Meta-analyses of studies conducted among Western populations suggest that coffee consumption does not affect osteoporotic fracture risk. However, experimental studies have shown that the effect of caffeine on bone health may depend on dosage. We examined the associations between consumption of coffee, tea and caffeine and risk of hip fracture in an Asian cohort. In a population-based prospective cohort of 63,257 Chinese men and women aged 45-74 years in Singapore, a validated semi-quantitative food frequency questionnaire was used to assess habitual consumption of coffee and tea at baseline. Cox proportional hazards regression models were used to estimate hazard ratio (HR) and 95% confidence interval (CI) for risk of hip fracture with adjustment for potential confounders. During a mean follow-up of 16.7 years, 2502 incident hip fracture cases were identified. Compared to coffee drinkers <1 cup/week, those who drank ≥4 cups/day had a statistically significant higher risk to develop hip fractures, the HR (95% CI) was 1.32 (1.07, 1.63) in the whole cohort analysis, 1.46 (1.01, 2.10) for men and 1.33 (1.02, 1.72) for women. Among postmenopausal women, compared to those who drank coffee <1 cup/week, drinking 2-3 cups/day was associated with the lowest risk [HR: 0.88 (0.76, 1.01)] and drinking ≥4 cups/day was associated with the highest risk [HR: 1.31 (1.00, 1.71)]. Similar associations with caffeine intake were found among postmenopausal women. Restricted spline analyses suggested a non-linear association between coffee/caffeine consumption and hip fracture risk in postmenopausal women (p for non-linearity ≤ 0.05). No association was found with tea consumption in either sex. These data suggest that drinking coffee ≥4 cups/day is associated with a higher hip fracture risk, while a moderate intake may alleviate risk in postmenopausal women. Future studies should corroborate these results to determine levels of optimal coffee consumption in relation to bone health.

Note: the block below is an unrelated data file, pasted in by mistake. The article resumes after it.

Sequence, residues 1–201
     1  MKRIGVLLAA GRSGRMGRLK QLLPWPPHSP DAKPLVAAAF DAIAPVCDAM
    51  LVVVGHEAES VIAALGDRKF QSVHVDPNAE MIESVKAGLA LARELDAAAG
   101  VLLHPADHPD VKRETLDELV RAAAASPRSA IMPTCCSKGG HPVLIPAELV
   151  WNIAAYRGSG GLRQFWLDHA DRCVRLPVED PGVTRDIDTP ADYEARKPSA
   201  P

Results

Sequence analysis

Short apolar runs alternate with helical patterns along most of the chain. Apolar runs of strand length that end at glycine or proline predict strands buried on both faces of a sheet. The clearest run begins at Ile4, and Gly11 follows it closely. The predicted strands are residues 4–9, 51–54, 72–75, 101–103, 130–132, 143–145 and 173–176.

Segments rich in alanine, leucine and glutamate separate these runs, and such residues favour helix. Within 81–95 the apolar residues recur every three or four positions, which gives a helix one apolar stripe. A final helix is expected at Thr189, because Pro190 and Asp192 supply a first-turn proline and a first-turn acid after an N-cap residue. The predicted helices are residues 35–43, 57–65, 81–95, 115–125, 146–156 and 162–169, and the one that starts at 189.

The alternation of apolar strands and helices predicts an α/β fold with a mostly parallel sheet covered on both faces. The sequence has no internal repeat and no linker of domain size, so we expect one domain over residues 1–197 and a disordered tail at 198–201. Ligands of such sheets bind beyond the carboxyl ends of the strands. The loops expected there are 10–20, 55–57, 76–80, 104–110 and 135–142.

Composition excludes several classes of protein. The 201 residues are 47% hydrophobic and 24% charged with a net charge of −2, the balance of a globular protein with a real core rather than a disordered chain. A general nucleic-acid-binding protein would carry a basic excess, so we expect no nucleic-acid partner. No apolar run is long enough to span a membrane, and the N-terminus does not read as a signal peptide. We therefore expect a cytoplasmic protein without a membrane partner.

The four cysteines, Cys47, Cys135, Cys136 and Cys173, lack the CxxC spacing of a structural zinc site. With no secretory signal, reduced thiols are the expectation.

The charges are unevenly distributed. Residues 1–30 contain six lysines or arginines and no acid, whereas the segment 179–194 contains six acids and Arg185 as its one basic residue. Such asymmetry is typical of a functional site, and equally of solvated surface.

Keywords: Caffeine; Chinese; Coffee; Hip fracture; Tea.
Copyright © 2018 Elsevier Inc. All rights reserved.